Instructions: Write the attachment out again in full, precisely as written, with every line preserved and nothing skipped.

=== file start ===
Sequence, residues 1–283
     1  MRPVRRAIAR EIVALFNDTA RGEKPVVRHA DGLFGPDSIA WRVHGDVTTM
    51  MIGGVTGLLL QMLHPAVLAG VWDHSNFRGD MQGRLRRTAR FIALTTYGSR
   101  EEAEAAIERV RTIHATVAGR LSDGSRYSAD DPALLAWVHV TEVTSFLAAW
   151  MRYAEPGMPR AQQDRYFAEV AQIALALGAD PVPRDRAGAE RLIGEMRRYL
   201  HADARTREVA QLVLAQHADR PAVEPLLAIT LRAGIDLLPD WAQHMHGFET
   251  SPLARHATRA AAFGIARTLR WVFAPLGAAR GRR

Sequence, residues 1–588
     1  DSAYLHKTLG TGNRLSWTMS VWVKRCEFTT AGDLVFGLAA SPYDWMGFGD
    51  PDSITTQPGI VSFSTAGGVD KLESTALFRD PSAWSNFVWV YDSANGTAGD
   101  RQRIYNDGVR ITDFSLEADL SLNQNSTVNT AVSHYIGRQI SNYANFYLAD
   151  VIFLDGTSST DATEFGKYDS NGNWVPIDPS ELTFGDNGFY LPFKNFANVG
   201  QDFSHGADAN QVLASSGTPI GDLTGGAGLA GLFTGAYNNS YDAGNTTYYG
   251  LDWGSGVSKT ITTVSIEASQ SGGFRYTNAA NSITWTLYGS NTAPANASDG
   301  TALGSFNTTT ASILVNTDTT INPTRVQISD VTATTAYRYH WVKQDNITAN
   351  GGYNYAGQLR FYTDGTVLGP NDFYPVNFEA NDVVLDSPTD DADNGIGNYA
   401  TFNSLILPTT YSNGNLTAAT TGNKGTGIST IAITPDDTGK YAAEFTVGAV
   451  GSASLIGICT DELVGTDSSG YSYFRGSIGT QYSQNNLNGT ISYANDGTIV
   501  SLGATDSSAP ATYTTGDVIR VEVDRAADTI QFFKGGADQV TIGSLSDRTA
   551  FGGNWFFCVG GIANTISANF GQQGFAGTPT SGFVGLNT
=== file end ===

Sequence, residues 1–283
     1  MRPVRRAIAR EIVALFNDTA RGEKPVVRHA DGLFGPDSIA WRVHGDVTTM
    51  MIGGVTGLLL QMLHPAVLAG VWDHSNFRGD MQGRLRRTAR FIALTTYGSR
   101  EEAEAAIERV RTIHATVAGR LSDGSRYSAD DPALLAWVHV TEVTSFLAAW
   151  MRYAEPGMPR AQQDRYFAEV AQIALALGAD PVPRDRAGAE RLIGEMRRYL
   201  HADARTREVA QLVLAQHADR PAVEPLLAIT LRAGIDLLPD WAQHMHGFET
   251  SPLARHATRA AAFGIARTLR WVFAPLGAAR GRR

Sequence, residues 1–588
     1  DSAYLHKTLG TGNRLSWTMS VWVKRCEFTT AGDLVFGLAA SPYDWMGFGD
    51  PDSITTQPGI VSFSTAGGVD KLESTALFRD PSAWSNFVWV YDSANGTAGD
   101  RQRIYNDGVR ITDFSLEADL SLNQNSTVNT AVSHYIGRQI SNYANFYLAD
   151  VIFLDGTSST DATEFGKYDS NGNWVPIDPS ELTFGDNGFY LPFKNFANVG
   201  QDFSHGADAN QVLASSGTPI GDLTGGAGLA GLFTGAYNNS YDAGNTTYYG
   251  LDWGSGVSKT ITTVSIEASQ SGGFRYTNAA NSITWTLYGS NTAPANASDG
   301  TALGSFNTTT ASILVNTDTT INPTRVQISD VTATTAYRYH WVKQDNITAN
   351  GGYNYAGQLR FYTDGTVLGP NDFYPVNFEA NDVVLDSPTD DADNGIGNYA
   401  TFNSLILPTT YSNGNLTAAT TGNKGTGIST IAITPDDTGK YAAEFTVGAV
   451  GSASLIGICT DELVGTDSSG YSYFRGSIGT QYSQNNLNGT ISYANDGTIV
   501  SLGATDSSAP ATYTTGDVIR VEVDRAADTI QFFKGGADQV TIGSLSDRTA
   551  FGGNWFFCVG GIANTISANF GQQGFAGTPT SGFVGLNT